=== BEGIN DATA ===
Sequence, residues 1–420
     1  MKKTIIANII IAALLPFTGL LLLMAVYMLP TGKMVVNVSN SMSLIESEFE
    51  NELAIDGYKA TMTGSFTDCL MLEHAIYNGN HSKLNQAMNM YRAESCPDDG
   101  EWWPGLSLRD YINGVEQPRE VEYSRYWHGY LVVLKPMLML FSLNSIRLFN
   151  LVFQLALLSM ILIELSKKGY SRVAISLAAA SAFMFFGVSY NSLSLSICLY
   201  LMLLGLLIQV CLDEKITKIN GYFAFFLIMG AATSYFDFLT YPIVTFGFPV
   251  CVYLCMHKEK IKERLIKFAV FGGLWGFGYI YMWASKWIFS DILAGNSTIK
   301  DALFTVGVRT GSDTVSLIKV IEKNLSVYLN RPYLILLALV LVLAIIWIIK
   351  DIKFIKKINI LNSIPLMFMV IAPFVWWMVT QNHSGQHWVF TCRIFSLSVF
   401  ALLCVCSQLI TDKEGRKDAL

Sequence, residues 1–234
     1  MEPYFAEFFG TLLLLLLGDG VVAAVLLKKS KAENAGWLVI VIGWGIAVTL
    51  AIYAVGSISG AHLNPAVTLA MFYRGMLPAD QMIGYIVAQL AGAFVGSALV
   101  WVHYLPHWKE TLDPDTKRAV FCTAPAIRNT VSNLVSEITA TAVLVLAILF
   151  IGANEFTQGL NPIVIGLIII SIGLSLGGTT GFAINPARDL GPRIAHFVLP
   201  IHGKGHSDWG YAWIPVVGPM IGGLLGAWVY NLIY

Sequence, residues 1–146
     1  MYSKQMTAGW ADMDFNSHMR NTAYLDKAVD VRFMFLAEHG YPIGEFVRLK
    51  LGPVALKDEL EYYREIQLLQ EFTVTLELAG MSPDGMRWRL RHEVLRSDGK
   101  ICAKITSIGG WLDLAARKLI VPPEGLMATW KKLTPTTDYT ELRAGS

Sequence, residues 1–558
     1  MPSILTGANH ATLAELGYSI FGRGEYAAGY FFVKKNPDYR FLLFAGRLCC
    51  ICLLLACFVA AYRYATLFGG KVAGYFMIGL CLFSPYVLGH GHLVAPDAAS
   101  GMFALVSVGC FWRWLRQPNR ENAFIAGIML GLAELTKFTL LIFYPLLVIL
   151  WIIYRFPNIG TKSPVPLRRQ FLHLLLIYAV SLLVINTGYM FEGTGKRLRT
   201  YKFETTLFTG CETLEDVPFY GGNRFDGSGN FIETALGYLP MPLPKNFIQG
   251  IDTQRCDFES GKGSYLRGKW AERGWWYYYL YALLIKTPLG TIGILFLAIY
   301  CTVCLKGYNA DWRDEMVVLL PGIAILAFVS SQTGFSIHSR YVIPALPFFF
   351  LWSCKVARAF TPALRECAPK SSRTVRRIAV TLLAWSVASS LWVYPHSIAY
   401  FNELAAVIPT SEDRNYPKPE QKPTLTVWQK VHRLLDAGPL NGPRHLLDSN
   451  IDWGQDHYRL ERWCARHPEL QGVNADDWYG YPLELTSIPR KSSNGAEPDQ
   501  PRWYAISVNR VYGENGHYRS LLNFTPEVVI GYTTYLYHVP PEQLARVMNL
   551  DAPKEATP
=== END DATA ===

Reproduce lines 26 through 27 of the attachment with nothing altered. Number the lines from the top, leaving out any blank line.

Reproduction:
   201  YKFETTLFTG CETLEDVPFY GGNRFDGSGN FIETALGYLP MPLPKNFIQG
   251  IDTQRCDFES GKGSYLRGKW AERGWWYYYL YALLIKTPLG TIGILFLAIY